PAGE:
"People don't understand the pressures of the Ryder Cup," he said. "I didn't until I played. The major championships are easy by comparison."
Major championships? Easy? Had the words come from any other player you would be entitled to scoff, but they deserve a certain respect when they are said by a man who endured the torments Montgomerie went through in his frustrating and ultimately fruitless attempts to join the ranks of golfing greats.
But then he did experience the most remarkable introduction to the biennial Transatlantic competition. It was 1991, Kiawah Island, the year of the War on the Shore. In the wake of the first Gulf War, American jingoism had reached the height of crassness, with the US players sporting Desert Storm baseball hats, refusing to meet Bill Clinton on the basis he had been a draft dodger and claiming, as one of their number did, that they would "whup Europe's asses" just like they had "whupped Iraq".
Montgomerie was an innocent abroad that year, the newcomer in a side that boasted the names of such giants of European golf as Ian Woosnam, Nick Faldo, Bernhard Langer and Seve Ballesteros. Yet he was to play a critical part in the competition's concluding drama.
Four down through 14 holes in his singles tussle with Mark Calcavecchia, he won the last four holes to square the match. Had Langer not missed a five-foot putt in his decisive game with Hale Irwin to give the USA the narrowest win then Montgomerie would have been hailed the hero of the hour.
Fast forward to two years ago at Celtic Manor. Montgomerie is now Europe's captain, but the rules of the game haven't changed. Which is to say the margin between winning and losing is still absurdly narrow. On this occasion, the European team seemed to be coasting after the fourball and foursome matches, but a stunning fightback on the final day brings the USA surging back into contention. Europe's win is sealed only on the penultimate hole of the last singles pairing when Hunter Mahan's duffed chip gives Graeme McDowell a 3&1 win.
Any sensible fellow would pay good money to avoid such things, but the world's top golfers, the most conspicuously acquisitive individuals in sport, forgo all financial reward for the uniquely exquisite agonies of the Ryder Cup. Men who wouldn't cross the road for less than a six-figure cheque willingly endure an emotional roller-coaster for a 50/50 chance that their abiding memories of the experience will be pain and humiliation. Just ask Mahan, who was left blubbering like a baby after his error two years ago.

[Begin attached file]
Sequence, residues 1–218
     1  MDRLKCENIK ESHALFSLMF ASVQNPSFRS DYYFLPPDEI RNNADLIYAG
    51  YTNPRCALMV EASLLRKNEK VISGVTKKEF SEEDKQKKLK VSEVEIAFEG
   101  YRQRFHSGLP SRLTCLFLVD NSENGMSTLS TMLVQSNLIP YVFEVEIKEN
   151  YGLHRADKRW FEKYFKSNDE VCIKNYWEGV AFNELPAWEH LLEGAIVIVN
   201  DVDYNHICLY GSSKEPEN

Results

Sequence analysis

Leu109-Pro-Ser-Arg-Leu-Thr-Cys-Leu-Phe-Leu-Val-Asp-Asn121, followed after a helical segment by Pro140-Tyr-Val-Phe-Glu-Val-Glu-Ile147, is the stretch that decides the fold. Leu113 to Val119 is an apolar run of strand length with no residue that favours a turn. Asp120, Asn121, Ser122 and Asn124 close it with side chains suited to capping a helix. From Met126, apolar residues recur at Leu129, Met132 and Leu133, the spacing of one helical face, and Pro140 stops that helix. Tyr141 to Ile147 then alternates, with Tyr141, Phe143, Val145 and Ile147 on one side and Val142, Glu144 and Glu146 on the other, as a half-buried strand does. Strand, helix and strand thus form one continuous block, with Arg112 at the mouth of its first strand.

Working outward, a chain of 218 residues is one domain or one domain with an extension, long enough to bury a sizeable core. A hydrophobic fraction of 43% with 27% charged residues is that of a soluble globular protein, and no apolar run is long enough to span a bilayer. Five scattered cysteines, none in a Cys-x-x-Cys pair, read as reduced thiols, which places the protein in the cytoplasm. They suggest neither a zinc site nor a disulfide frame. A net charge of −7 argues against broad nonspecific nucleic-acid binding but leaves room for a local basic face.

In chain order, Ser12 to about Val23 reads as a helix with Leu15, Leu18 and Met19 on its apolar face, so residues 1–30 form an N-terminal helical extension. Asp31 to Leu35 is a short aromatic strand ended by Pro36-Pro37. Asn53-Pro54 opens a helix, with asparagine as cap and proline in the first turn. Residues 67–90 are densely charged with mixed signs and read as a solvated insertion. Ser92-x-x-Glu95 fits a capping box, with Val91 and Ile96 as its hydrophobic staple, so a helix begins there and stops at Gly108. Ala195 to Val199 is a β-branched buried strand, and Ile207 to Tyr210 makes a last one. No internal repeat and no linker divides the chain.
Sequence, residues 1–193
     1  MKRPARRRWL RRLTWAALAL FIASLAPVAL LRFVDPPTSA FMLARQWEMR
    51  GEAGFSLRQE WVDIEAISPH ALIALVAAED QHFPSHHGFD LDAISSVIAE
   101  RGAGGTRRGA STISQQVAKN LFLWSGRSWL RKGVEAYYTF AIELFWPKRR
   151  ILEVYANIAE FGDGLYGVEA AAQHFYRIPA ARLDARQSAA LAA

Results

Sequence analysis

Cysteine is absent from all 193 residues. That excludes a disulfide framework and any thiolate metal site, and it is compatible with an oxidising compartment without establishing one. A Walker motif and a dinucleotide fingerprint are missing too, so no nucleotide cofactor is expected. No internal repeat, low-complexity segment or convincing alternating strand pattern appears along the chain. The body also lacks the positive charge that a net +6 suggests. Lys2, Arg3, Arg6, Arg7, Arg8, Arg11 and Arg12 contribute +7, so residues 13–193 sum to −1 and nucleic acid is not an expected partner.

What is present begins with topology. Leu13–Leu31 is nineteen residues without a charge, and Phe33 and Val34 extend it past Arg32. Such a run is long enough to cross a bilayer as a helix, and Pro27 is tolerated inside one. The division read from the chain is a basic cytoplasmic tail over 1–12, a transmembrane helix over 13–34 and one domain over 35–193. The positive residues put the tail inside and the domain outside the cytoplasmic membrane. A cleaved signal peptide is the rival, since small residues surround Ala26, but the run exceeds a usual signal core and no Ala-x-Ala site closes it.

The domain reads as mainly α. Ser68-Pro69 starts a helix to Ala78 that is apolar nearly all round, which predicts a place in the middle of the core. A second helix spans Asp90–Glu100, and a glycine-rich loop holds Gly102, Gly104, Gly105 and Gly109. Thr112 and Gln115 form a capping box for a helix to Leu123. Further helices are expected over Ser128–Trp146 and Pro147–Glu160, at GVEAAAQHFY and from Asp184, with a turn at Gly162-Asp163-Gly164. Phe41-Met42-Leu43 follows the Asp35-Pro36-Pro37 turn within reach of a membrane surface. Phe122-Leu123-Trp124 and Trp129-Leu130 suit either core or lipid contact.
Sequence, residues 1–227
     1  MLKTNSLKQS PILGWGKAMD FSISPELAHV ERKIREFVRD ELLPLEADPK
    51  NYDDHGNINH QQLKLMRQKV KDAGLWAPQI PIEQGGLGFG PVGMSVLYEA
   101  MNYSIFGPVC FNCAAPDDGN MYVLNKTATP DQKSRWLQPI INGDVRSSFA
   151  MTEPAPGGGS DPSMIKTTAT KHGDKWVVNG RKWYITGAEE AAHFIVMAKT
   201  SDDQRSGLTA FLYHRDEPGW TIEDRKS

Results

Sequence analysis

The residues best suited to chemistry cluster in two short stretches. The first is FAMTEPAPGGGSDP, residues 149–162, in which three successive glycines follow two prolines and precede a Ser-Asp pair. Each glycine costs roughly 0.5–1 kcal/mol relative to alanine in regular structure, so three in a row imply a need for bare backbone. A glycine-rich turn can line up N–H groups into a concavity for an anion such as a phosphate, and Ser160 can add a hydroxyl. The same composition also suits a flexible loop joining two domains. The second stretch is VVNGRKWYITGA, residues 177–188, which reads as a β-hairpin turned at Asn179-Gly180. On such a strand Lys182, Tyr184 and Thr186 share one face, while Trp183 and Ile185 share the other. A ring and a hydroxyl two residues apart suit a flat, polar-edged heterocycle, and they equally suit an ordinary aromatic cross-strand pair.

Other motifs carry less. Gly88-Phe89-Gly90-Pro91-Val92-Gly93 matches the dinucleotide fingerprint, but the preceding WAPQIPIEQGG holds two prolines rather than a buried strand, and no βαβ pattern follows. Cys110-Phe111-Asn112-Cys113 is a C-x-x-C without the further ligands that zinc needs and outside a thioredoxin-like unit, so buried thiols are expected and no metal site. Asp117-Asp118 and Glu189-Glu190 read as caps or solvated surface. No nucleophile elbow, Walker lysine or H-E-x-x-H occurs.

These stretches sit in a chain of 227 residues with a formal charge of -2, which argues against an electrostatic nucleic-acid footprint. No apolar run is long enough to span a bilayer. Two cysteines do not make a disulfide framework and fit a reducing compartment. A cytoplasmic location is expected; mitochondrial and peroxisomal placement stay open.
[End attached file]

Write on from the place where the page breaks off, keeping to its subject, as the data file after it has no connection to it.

Mahan missed out on his shot at redemption when USA captain Davis Love III named his wild-card selections for this year's event, which gets under way on Friday. Never the most exciting player himself, he has favoured the Steady Eddies of American golf with his picks: Steve Stricker, Jim Furyk, Dustin Johnson and Brandt Snedeker.
Belgium's Nicolas Colsaerts is the only Ryder Cup rookie in Europe's team, while Love has four in his side, but it is always easier for the home side to carry inexperience.
The pairings will be fascinating. Should the captains cobble together partnerships based on established friendships or take the risk, as Hal Sutton famously did with Phil Mickelson and Tiger Woods in 2004, that a sense of common purpose might lead to the burying of old hatchets?
Europe captain Jose Maria Olazabal, would do well to unearth a partnership as productive as the one he formed with Seve Ballesteros. The two Spaniards combined to claim 11 victories – a Ryder Cup record – in 15 outings together.
Olazabal will presumably not hesitate to reunite Sergio Garcia, back on the team after missing the last two Ryder Cups, with Luke Donald. Nor will he lose sleep before pencilling in Graeme McDowell beside Rory McIlroy. Paul Lawrie and Lee Westwood have the kind of well-measured games and temperaments that allow them to work with just about any other player, and Olazabal will cherish such versatility.
With 17 of the world's top 20 players involved, the quality of the field is hardly open to question. Whether Medinah is worthy of them is a little more open to doubt. At 7600 yards, it is more obviously a bomber's course than one for the shotmakers. The respected course architect Tom Doak called it "a maximum security prison".
To its credit, Medinah at least has some worthy history attached, an accusation you would hesitate to level at some recent venues. It will, however, have a Chicago crowd, so at least it should have an atmosphere befitting the event.
And the winners? Almost too tight to call. Nick Faldo has suggested a 14-14 draw could be on the cards, and he may be nearer the mark on that than he was with any of his strategies as losing captain at Valhalla in 2008. If it does finish all square, then Europe will hang on to the trophy they won amidst such emotional scenes in Wales two years ago. Olazabal, however, will be looking for a rather more emphatic result.
Contextual targeting label: